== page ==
Adequate health financing is a critical element of any strong healthcare system. In Sub-Saharan Africa, financing and payment models for primary, secondary, and tertiary health care can be significant tools for improving issues of access, quality, and equity in care delivery. While much effort is made to understand the financing approaches that may be optimal for health systems at large, little is known about financing mechanisms that may work best considering the dominance of out-of-pocket payment and, more importantly, the impact that unexpected, informal costs for care may have on health-seeking behaviour. The abolition of user fees for public health facilities has become increasingly popular in many low-income countries, with results from numerous studies noting an increase in access and utilization for the poorest populations. However, abolishing user fees often does not remove the cost of many goods and services related to a care episode. Though some patients may pay no initial fees for a basic service such as an initial consultation, there are often treatment-related costs that are unknown to the patient.
September 19, 2019
Payment Patterns in Nigeria’s Public Facilities: Unexpected costs and implications for health-seeking behavior in Nigeria
Recent data from the National Bureau of Statistics (NBS) shows that the value of capital imported to Nigeria declined by 54.34 percent; from $1.56 billion 2015Q4to $710.97 million in 2016Q11. This is the lowest value since the data was first released in 2007. Huge declines in Portfolio Investment (71.54 percent) and other Investment (44.84 percent) were the major drivers of the trend within the period. A myriad of factors have contributed to the decline in investments. The plunge in crude oil prices, and the resultant negative signals on investors confidence, was a key factor. This was exacerbated by the FOREX restrictions and delays in the assentation of 2016 Appropriation Bill. While the slight increases in oil prices and the recent signing of the budget into law could improve the general economic prospects, monetary authorities need to proffer solutions to the negative effects of the current FOREX restrictions on investments.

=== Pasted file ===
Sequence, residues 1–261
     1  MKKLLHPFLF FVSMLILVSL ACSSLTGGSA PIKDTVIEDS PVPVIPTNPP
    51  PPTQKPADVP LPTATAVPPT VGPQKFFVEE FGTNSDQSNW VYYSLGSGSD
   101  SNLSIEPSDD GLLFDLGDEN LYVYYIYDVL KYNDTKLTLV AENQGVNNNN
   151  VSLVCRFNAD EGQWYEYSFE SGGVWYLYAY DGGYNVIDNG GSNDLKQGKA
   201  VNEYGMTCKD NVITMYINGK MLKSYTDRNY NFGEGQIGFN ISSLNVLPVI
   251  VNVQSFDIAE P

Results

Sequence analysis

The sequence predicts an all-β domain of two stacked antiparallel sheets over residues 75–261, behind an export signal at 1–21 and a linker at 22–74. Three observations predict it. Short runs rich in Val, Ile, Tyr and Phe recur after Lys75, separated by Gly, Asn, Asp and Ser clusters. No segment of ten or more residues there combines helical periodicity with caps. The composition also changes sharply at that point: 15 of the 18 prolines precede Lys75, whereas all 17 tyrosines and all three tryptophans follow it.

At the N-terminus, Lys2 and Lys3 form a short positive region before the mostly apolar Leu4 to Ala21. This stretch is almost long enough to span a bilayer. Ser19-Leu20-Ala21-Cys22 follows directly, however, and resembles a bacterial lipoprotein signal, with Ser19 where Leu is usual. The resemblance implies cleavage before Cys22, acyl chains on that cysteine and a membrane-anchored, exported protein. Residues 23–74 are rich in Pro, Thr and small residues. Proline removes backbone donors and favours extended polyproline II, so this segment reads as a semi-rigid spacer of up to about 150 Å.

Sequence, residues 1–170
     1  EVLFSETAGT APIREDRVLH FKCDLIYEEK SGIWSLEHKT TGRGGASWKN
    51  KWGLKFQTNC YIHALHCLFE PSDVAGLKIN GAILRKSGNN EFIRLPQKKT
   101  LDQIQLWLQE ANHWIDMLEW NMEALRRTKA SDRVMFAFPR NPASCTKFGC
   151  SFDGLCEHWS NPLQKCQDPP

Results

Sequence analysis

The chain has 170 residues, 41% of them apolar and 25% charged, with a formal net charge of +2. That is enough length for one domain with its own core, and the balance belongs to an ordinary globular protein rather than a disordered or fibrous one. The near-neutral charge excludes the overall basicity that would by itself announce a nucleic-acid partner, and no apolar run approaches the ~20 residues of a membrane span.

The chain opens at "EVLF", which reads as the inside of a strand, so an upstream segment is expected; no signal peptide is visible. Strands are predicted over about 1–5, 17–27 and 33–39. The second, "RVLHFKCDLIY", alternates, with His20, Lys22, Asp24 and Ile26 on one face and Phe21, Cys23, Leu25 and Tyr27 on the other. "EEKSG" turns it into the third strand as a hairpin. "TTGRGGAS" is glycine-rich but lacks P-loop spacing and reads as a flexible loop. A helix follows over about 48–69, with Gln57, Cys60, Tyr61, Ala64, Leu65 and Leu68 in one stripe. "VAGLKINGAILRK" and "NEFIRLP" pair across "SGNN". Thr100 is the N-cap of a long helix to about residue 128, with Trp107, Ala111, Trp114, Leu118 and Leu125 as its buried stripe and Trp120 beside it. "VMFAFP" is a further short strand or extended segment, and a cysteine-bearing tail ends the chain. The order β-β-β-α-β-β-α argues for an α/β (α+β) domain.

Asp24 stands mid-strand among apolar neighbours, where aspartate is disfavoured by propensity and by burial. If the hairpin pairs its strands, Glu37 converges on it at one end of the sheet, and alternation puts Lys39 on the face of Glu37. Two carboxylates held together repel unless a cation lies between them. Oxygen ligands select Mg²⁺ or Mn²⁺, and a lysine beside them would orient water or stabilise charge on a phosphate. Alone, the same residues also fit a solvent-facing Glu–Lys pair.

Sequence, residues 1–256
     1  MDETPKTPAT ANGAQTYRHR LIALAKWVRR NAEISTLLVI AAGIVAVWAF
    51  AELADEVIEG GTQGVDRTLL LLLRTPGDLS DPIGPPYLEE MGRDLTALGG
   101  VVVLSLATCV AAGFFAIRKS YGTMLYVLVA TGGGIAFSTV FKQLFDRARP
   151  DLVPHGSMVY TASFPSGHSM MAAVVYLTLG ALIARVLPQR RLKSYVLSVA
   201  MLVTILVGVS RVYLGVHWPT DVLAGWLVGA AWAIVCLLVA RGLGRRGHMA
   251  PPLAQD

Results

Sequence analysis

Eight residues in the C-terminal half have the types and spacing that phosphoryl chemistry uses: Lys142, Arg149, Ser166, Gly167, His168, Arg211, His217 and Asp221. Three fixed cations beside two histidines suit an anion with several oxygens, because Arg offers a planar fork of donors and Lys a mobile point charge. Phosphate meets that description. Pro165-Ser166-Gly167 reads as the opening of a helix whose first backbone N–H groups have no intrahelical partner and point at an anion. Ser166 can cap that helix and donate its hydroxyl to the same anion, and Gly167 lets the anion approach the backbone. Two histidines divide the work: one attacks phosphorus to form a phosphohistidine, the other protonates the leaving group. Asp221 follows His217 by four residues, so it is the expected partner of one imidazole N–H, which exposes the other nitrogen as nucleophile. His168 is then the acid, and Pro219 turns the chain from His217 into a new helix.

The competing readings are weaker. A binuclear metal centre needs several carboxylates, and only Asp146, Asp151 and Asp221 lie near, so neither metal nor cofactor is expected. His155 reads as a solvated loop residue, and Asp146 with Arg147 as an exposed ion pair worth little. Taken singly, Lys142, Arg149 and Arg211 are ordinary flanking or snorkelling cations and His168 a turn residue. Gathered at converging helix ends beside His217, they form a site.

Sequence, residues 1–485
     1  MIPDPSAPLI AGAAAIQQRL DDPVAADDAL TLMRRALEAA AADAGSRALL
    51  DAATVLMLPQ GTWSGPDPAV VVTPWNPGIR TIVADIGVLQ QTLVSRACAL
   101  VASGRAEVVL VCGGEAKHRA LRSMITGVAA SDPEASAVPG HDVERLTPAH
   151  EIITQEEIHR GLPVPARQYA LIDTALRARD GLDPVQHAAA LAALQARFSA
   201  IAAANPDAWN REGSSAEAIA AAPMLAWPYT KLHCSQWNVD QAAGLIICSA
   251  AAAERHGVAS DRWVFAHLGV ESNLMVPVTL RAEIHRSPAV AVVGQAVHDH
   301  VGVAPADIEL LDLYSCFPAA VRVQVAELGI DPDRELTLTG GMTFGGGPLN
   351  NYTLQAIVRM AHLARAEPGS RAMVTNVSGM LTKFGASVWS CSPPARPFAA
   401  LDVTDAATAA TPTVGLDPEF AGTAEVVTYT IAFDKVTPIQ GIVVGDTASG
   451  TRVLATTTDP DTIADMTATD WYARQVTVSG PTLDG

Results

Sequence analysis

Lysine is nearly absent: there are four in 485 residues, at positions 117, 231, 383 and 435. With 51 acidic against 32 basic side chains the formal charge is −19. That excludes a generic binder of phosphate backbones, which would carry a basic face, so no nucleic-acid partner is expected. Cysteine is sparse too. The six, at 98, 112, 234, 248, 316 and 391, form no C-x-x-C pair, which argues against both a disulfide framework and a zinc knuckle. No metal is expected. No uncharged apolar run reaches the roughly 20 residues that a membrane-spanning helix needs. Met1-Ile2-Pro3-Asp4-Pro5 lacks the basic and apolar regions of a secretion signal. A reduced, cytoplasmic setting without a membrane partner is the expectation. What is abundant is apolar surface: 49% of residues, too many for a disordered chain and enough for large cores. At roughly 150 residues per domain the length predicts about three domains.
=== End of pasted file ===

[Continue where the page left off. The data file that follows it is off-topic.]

Available data from Nigeria Bureau of Statistics shows a decline in the Nigeria Aviation sub-sector (Transport Sector) real growth rate in 2017Q1. Compared to the preceding quarter, the sub-sector declined significantly by 9.6 percent, due to decline in the number of passengers and movement of aircrafts this may be connected to the closure of the Abuja airport for infrastructural development during the period. To ensure a near-optimal performance of the aviation sector, the government should also make efforts to improve aviation safety and security, establish a national carrier, and improve aircraft maintenance to world class standards.
The monthly monetary survey by the CBN shows a decline in money supply for the month of August 2017, relative to July 2017. Narrow and broad money supply dropped by 4.2% and 1.5% to N9,891 billion and N21,851 billion respectively. The continuous monetary contraction witnessed over the past months may be associated with aggressive sale of treasury bills by the CBN through open market operations. This act is capable of mopping up liquidity in the economy, reduce loanable funds in the banking system, and constrain the easing of lending rates in the near term.